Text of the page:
When CCS flagged the discrepancy an investigation was launched, which concluded the material on the order was of a higher specification than that on the original tender.
“The client would never have refused it because it is a higher spec than they requested, but that comes straight out of the margin of that job,” Cooper says.
“Having that opportunity gave the construction company the chance to say this isn’t what was included on the original tender, so do you want it and if so it will cost you more,” she adds.
Today Cooper works directly for CCS, where she is a senior consultant, supported by Dick on the Buildsmart side and Hauptfleisch on the Candy side.
Not for me
The transparency of the programmes isn’t for everybody and while CCS senior management is against selling to anybody who “wouldn’t benefit from the philosophy”, there are certain markets that cannot be sold to at all.
“If there are things to be hidden, there are too many controls in this system for that,” says Cooper.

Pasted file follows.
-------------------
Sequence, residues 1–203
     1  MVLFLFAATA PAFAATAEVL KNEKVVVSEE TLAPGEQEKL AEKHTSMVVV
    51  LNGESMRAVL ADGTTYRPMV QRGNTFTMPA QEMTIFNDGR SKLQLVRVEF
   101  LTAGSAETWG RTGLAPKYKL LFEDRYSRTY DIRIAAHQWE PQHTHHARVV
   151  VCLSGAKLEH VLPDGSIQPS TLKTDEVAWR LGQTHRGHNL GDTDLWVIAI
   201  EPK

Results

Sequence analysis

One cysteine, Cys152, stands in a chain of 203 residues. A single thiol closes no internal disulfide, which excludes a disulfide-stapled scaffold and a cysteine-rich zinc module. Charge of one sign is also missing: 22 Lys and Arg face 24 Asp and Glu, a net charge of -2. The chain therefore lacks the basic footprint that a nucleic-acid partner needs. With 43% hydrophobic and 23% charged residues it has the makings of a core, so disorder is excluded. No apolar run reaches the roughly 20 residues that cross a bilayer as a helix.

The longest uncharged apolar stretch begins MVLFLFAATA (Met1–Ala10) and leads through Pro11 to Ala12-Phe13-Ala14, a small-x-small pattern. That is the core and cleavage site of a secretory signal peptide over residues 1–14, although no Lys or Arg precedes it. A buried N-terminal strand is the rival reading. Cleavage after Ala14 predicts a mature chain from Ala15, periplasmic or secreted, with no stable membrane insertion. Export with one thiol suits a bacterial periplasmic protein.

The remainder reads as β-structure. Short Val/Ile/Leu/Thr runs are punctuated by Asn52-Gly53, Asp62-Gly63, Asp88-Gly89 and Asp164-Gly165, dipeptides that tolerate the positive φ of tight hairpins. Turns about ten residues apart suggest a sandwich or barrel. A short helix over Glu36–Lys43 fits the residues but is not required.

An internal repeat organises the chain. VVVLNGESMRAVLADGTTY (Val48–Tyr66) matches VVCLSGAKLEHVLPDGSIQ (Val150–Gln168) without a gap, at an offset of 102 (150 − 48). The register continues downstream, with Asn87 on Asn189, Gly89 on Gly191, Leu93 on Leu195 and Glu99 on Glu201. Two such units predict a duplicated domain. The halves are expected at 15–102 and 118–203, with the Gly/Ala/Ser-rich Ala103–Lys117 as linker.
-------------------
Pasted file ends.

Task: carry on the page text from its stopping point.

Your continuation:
“The Middle East and GCC has certain issues and it’s not transparent, people do excellent estimates in Candy but won’t make it available to those on site because their secrets will be out,” Hauptfleisch adds.
Despite these figurative brick walls, the active expansion strategy now in place identifies the next target markets as Saudi Arabia, Egypt, Lebanon, Turkey and Oman, with India reportedly “much stronger”.
With firsthand experience of World Cup stadia projects, CCS is also positioning itself to enter Qatar, with plans for educational seminars and product demos in the short term, and further events pencilled in for the coming year in Oman and Saudi Arabia.
“We are focussing very heavily on Qatar and in South Africa, all of the stadiums for the 2010 World Cup, as well as the monorail and other infrastructure, was all managed on our software. That’s a message we are taking to Qatar at the moment,” says Dick
“Our opportunities also lie with our existing clients,” comments Hauptfleisch.
“For them, to maximise the benefit of using our product, like many things in life we find they are only using a small part of it. All the big companies want to do is focus on their core strength, which is construction. We want to be there to help them with that and that gets us into other countries.”